Topic 2 - The Prudential Regulation, and Financial Conduct Authority

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  • Created on: 28-02-17 06:35

Intro to Regulation

PRA is concerned with the financial arrangement of a business, and whether or not financial affairs are arranged in such a way as to not threaten the operation of the business. 

FPC looks at the economy in broad terms to address any risks that might happen on a large scale.

FCA is responsible for the conduct regulation of all firms not covered by the PRA (some are dual regulated like banks, building scoieties, credit unions, insurers etc. 

The PRA has the power to veto any decisions made by the FCA that may threaten financial stability. 

Any companies acting in regulated activities must be authorised under the regulated activities order. Any deposit taking, insurance, managing, operating, advising, lending, counseling is regulated. Permission is listed in the PART iv PERMISSION.

Two key categories of investment - Securities (shares, debentures, gilts) & contractually based investments (life policies, pensions, options & futures)

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The Prudential Regulation Authority

The PRA focuses on the harm firms can cause to the stability of the financial system. 

Firms must have: 

The three key areas of prudential control are:

CAPITAL ADEQUACY -  banks own funds, not from shareholders or investors.
LIQUIDITY - The speed at which cash can be acquired (through borrowing or selling assets)
SOLVENCY - the banks own funds (short term assets) in relation to it's longer term assets (loans to customers)  

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PRA: Capital Adequacy Regulations & Solvency Ratio

Banks own 'capital base' must be sufficient to not place deposits at risk, whereas shareholders are expected to take risks. 

Minimum capital is decided by SOLVENCY RATIO - own funds as a percentage of the risk-adjusted value of its assets. (defined by SCR - Solvency Capital Requirement)

EU SOLVENCY DIRECTIVES & key legislation for insurers
Solvency 2 is current and adopted by all EU member states. Protects policyholders interests. 
Its main aims are to Reduce the risk of a company being unable to meet its claims and reduce losses of claims not paid in full, establish a disclosure system for early problem identification and promote confidence in the stability of insurance sector. 

It is met through 3 pillars. 1. capital requirements, 2. governance & risk management requirements, 3. disclosure & transparency rules.

Insurers required to submit an ORSA - own risk & solvency assessment 

The requirements of Solvency 2 became effective Jan 2016

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PRA: Liquidity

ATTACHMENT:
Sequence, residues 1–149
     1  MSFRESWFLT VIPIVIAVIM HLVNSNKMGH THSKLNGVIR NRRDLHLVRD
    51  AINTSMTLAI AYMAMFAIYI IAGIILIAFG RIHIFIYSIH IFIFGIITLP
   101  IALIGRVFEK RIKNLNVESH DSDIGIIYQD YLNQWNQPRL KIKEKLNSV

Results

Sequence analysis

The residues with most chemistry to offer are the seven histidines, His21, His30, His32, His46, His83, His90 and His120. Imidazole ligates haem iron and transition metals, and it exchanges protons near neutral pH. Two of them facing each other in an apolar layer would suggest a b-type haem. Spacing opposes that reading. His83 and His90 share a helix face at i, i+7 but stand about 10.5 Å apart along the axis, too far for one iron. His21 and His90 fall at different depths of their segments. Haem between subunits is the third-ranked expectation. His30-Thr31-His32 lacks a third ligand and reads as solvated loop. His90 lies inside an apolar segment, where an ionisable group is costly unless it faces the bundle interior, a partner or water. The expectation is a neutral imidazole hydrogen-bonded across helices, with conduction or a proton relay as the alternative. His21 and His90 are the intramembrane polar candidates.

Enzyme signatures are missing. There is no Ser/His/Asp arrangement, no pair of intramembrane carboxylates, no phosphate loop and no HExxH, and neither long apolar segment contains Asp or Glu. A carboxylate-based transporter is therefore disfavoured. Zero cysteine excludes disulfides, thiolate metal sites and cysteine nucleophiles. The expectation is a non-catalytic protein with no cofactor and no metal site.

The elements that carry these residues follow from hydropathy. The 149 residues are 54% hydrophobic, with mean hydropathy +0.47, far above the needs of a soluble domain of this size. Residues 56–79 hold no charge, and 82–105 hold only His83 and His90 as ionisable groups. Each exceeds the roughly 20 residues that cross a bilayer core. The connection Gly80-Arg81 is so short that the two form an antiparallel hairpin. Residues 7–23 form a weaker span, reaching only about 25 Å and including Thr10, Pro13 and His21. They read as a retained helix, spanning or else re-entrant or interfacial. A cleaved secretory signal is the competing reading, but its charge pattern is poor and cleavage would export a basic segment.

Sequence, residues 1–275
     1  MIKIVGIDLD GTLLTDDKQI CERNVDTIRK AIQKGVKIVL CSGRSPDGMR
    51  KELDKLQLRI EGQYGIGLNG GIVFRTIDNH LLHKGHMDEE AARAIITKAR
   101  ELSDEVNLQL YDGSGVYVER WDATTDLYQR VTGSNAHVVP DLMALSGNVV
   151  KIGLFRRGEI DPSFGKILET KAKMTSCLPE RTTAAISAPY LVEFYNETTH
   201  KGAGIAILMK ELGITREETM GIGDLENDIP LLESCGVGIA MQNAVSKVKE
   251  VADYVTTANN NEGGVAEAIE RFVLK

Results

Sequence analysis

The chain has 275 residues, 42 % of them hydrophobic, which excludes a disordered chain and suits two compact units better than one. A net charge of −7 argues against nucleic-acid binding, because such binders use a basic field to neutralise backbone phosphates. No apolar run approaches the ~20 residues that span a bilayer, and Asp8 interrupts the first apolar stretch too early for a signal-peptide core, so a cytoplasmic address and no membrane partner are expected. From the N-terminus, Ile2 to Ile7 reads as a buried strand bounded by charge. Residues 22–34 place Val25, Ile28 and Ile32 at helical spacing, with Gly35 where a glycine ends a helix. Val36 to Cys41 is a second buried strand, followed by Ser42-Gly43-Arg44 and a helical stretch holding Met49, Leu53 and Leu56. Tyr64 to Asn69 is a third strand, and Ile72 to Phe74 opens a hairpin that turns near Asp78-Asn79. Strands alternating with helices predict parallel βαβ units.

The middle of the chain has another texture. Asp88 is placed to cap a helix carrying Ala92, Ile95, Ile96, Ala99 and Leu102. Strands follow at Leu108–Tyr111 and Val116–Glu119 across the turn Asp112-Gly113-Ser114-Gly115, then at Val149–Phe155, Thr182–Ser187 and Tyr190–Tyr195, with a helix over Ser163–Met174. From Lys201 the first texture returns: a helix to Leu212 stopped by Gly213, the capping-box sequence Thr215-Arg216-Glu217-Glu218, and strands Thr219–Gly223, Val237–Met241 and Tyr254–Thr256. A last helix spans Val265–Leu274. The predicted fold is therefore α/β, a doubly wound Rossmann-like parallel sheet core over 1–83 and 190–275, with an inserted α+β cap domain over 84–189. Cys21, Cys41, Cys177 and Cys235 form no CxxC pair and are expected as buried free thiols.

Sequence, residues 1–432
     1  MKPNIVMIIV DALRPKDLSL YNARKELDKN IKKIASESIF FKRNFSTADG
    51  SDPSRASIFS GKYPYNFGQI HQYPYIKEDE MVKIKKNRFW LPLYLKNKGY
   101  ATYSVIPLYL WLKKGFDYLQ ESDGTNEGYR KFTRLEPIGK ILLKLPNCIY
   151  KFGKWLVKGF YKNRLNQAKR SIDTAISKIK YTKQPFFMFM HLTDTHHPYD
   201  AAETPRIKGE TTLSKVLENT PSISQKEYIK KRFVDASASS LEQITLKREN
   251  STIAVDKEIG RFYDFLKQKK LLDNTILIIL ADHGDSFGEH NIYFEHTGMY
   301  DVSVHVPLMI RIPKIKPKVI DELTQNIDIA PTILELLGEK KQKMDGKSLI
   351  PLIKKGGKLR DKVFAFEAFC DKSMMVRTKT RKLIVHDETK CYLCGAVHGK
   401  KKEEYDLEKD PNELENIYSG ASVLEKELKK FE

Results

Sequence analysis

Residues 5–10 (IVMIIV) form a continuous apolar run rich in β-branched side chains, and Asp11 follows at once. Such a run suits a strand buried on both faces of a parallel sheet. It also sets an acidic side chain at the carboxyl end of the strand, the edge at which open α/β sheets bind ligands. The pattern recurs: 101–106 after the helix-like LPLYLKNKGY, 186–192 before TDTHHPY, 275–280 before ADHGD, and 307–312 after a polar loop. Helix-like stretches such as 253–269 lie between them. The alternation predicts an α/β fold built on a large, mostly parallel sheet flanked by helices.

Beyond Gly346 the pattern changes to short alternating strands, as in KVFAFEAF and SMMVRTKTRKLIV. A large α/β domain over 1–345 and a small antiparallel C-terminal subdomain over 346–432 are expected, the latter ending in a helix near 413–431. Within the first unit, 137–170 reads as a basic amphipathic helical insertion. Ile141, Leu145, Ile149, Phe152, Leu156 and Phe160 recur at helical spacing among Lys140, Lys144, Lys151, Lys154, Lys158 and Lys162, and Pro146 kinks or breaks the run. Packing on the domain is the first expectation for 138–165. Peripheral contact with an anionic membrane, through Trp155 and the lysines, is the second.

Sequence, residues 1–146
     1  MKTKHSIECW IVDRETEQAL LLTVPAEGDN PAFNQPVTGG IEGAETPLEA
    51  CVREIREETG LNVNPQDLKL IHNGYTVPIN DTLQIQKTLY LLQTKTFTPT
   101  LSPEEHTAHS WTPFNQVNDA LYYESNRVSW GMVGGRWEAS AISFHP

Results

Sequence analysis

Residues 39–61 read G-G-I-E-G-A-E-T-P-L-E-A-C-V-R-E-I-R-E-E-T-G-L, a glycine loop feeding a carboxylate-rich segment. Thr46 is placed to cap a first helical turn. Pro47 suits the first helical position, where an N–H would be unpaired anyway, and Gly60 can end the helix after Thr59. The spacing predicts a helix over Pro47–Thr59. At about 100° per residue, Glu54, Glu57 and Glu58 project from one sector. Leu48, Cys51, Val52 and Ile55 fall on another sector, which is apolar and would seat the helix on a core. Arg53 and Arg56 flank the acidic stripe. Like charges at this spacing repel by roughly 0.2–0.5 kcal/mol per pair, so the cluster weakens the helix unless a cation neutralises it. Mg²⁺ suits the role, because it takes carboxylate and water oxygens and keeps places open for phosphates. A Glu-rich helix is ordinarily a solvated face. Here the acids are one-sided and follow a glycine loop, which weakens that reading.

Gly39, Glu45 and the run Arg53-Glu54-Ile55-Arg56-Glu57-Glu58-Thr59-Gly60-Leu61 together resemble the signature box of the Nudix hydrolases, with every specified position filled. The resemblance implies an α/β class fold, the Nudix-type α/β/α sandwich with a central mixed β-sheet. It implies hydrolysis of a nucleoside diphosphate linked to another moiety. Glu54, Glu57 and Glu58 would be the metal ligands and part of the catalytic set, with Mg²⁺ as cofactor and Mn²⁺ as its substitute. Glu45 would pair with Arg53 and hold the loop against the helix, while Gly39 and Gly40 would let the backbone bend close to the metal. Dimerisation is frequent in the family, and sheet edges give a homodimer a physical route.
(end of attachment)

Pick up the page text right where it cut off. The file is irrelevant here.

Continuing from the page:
The ease and speed at which an asset can be converted into cash without significant loss of capital value to meet demands for cash outflows.

LIQUIDITY RISK is the risk that although solvent, does not have sufficient resources to meet obligations if they fall due.

Asset Liquidity: A firm's assets can be sold for cash, reach maturity date, and provide security from borrowing. Asset Concentrations, where lots of receipts from assets occurring at the same time should be avoided.   

Liability Liquidity: Banks must avoid the situation where a single factor could result in significant claims at once - liability concentration. Wide-spread maturity dates is a way to achieve this. 

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PRA: Arrangements, Systems & Controls for Senior M

Senior Managers Regime 2016 - personally accountable for specific aspects of a business. FCA/ PRA define certain senior management duties. The regulators personally vet those who apply for a senior management role. 

Senior managers must be equipped for their role effectively. 

All managers are subject to a code of conduct, and if found guilty of leading the business to fail - maximum sentence 7 years/ unlimited fine.

Firms should have whistleblowing procedures in place for employees to report inappropriate behaviours or circumstance. These procedures should help not hinder.

All aspects of a financial services institution should be kept under review to ensure investments are being handled safely. This can be carried out by individuals, groups, auditors, trustees, compliance officers etc. 

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PRA: Regulation and Supervision Approach

The regulatory regime of the PRA is based on 8 fundamental rules, measuring the likelihood of a risk event occurring and the impact if it did. 

1. Conduct business with integrity
2. Conduct business with skill, care, and diligence
3. Act in a prudent manner
4. Maintain adequate financial resources
5. Effective risk strategy & management systems
6. Deal with regulators in an open & cooperative way
7. Prepare for conflict resolution 

The PRA supervisory approach is as follows:

1. Judgement based approach - Are the firms safe and sound? Able to meet thresholds?
2. Forward-looking approach - Assess current and future risks. 
3. Focused approach - Looking into firms those pose the biggest risk of stability to financial system

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The Financial Conduct Authority

Responsible for regulating the conduct of retail financial services. It has one strategic objective: To make relevant markets work well.

This is delivered through three operation objectives:

1. To facilitate efficiency and choice in the market for financial services. 
2. To secure an appropriate degree of protection for consumers. 
3. To protect and enhance the integrity of the UK financial system 

The FCA is directly accountable to HM Treasury & Parliament. 

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FCA: Integrity of Markets

In order to deliver good market conduct, the FCA looks at behaviour that damages trust in the integrity of the financial markets. 

1. Focus on wholesale conduct to enhance trust and confidence in these markets.

2. Trust in the integrity of markets where poor behaviour leads to the detriment of customers. 

3. Preventing market abuse by policing and tackling criminal and civil abuse

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FCA: Consumer Protection